A Weekend in Gangneung

This past weekend I decided to hit the beach and look at some gramophones in the coastal city of Gangneung. I had only been to Gangneung once before, and briefly to get the ferry to Ulleungdo. Gyeongpo is one of the most popular beaches in Korea, and from my understanding can get crowded in summer, but when I went (mid July) it wasn’t that crowded. It could partly be because the water was still very cold, so it wasn’t a good time for swimming. The beach is said to be the longest on the East coast, at 6 km, and it’s quite a bit bigger than Korea’s most visited beach, Busan’s Haeundae. Gyeongpo has plenty of seafood restaurants, motels, and convenience stores near the beach, but it isn’t nearly as commercialized as Haeundae, which is a huge tourist spot with it’s 5 star hotels, and several bars and restaurants behind the beach.

Before I relaxed on Gyeongpo beach, I headed to the Charmsori Gramophone and Edison Science Museum. Thomas Edison is probably America’s most famous inventor, but strangely enough the largest museum dedicated to gramophones — one of Edison’s most famous inventions — is located in South Korea. The amount of gramophones (more commonly known as phonographs) in this museum is staggering. In addition to the gramophones, the museum features music boxes and old radios and TVs. Unfortunately, most of the item descriptions and the tour are only in Korean. However the exhibits were still amazing to see. The Edison science museum is connected to the Gramophone museum, although it is technically a separate museum. It focuses on Edison’s main inventions, the lightbulb, the gramophone, and the projector. There’s a huge collection of Edison batteries, lightbulbs, and phonographs here as well. The second floor contains old Edison home appliances, dolls, and telephones.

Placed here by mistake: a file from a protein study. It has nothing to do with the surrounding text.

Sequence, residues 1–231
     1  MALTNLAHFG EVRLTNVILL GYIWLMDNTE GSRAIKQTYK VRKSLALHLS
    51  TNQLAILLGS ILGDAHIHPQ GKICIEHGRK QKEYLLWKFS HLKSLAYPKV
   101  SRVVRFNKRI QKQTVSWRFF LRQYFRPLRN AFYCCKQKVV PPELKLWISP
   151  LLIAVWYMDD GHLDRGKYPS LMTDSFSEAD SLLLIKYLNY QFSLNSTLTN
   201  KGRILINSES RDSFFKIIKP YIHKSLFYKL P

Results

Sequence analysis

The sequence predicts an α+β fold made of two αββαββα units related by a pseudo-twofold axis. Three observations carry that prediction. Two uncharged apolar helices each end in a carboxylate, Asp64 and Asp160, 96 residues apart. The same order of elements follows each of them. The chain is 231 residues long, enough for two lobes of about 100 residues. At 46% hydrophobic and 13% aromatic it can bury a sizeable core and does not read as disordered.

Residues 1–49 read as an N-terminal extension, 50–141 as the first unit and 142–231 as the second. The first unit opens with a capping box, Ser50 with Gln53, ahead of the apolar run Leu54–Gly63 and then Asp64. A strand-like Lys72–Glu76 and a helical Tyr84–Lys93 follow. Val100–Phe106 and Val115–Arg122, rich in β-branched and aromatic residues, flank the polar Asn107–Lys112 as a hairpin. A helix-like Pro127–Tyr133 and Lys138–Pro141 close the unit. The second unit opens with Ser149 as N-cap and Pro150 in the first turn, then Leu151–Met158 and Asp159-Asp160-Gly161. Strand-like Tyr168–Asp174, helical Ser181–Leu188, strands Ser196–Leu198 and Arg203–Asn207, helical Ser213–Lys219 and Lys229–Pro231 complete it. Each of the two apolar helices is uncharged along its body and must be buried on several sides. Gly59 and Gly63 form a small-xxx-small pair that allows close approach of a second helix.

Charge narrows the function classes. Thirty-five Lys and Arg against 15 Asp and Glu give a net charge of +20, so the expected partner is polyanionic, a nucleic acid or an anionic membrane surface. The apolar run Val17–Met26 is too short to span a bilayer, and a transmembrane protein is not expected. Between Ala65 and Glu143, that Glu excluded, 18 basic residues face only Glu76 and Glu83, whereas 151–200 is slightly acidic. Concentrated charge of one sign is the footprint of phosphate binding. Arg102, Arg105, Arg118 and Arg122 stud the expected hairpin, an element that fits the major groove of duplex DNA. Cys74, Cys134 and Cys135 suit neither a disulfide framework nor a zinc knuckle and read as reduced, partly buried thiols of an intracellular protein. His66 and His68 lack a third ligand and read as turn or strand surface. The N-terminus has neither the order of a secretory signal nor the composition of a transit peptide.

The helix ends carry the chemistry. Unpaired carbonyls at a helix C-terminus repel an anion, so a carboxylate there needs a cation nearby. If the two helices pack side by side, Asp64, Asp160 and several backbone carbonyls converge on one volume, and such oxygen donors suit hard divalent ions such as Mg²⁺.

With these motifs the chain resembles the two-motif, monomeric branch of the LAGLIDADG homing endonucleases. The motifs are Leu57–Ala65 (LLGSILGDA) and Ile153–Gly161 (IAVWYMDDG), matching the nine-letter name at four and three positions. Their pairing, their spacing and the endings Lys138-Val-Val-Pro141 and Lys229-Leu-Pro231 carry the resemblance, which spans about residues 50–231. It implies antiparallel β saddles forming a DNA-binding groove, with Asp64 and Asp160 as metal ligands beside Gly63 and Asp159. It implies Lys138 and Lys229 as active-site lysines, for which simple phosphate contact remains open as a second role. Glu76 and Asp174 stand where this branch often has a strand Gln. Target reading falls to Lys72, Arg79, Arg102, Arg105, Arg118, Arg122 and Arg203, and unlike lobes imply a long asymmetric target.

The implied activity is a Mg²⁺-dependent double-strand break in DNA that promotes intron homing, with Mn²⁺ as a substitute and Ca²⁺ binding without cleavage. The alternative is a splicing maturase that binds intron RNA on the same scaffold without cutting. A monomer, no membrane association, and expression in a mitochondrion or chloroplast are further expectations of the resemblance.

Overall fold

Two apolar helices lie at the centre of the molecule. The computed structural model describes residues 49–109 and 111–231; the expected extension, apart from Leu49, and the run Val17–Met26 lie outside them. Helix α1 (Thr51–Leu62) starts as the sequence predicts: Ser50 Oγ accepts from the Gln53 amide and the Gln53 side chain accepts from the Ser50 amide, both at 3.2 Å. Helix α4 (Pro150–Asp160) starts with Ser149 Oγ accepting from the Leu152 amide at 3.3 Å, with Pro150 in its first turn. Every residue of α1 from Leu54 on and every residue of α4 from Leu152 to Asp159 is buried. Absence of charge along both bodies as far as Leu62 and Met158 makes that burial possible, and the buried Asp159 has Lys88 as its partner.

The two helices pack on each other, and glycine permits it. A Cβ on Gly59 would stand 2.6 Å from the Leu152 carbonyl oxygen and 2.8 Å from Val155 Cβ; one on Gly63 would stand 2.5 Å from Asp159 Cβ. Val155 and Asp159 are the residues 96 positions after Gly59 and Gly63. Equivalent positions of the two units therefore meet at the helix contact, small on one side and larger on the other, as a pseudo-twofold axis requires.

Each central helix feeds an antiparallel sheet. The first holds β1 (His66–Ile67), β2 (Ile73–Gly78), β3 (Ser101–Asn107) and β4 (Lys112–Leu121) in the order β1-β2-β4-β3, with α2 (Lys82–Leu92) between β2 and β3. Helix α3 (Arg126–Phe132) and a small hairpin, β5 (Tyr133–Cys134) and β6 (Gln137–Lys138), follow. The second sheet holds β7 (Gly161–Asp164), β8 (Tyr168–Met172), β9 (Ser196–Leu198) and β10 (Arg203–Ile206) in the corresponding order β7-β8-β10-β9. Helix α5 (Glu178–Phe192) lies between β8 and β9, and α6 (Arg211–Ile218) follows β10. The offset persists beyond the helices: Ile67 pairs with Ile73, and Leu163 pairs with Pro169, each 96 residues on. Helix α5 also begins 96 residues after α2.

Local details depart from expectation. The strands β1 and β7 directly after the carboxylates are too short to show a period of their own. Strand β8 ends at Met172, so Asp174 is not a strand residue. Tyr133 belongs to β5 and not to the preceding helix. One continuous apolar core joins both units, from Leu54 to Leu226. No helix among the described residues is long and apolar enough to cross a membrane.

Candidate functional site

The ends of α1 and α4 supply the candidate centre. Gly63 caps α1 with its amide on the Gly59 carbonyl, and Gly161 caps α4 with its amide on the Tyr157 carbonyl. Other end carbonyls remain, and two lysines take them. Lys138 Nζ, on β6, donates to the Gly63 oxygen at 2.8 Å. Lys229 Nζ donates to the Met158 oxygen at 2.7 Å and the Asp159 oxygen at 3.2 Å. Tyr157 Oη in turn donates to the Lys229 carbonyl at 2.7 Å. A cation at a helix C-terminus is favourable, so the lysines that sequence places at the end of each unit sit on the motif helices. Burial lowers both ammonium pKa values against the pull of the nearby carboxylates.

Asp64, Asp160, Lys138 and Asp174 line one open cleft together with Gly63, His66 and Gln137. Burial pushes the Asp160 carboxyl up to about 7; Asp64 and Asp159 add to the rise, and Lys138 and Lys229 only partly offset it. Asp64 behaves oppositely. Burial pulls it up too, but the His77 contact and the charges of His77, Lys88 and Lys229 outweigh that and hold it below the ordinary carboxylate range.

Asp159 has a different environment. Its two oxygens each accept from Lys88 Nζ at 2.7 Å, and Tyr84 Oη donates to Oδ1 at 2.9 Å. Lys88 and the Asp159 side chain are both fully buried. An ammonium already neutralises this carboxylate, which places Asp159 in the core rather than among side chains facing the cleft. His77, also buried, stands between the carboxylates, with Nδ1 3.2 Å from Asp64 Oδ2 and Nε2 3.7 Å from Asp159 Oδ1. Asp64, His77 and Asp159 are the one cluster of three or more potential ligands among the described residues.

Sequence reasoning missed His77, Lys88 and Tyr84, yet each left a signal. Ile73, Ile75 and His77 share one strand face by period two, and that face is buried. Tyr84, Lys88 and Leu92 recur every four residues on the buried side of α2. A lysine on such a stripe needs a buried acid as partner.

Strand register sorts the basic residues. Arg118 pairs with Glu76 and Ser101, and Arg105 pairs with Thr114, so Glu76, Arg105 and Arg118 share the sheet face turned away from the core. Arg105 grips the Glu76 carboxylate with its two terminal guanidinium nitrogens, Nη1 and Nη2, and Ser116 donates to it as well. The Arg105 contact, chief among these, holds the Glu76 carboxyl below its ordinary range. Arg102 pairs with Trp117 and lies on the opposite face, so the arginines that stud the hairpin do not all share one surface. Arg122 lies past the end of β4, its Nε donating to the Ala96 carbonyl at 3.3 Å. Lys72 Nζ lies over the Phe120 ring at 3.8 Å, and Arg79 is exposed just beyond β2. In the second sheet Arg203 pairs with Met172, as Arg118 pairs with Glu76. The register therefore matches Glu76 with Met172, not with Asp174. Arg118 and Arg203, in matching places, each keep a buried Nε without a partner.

One of the Edison lightbulbs on display.
The museum theater, designed to be shaped like a gramophone.
The museum featured several pictures of Edison and the owner, as well as some interesting old signs.
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Next to the Gramophone and Edison Science museum, is the Son Sung Mok Film Museum, named after the founder of all three museums. The Film museum is newer than the other two. The Film museum calls itself “The world’s best film museum”. I’m not certain if that’s true, as this is the only film museum I have been to, but the film museum certainly has an impressive collection as well. There are several halls of film cameras from all over the world dating from the 1800’s to modern times.


There are also hundreds of posters of movie stars and advertisements. The poster advertising the film Gone with the Wind is an original. In addition to the poster, the movie houses a camera used during filming.


A letter written to the first director of Gone with the Wind (later replaced by Victor Fleming) with the movie script inside.
The accessories used for Scarlett’s bedside table in the movie.
The entry fee for the Gramophone and Science Museum is 7,000 won. The package ticket that allows access to all three costs 17,000 won. If you are like me and enjoy antiques and vintage items, then I would say all museums are a must-visit.

Right outside the museum is the lovely Gyeongpo lake.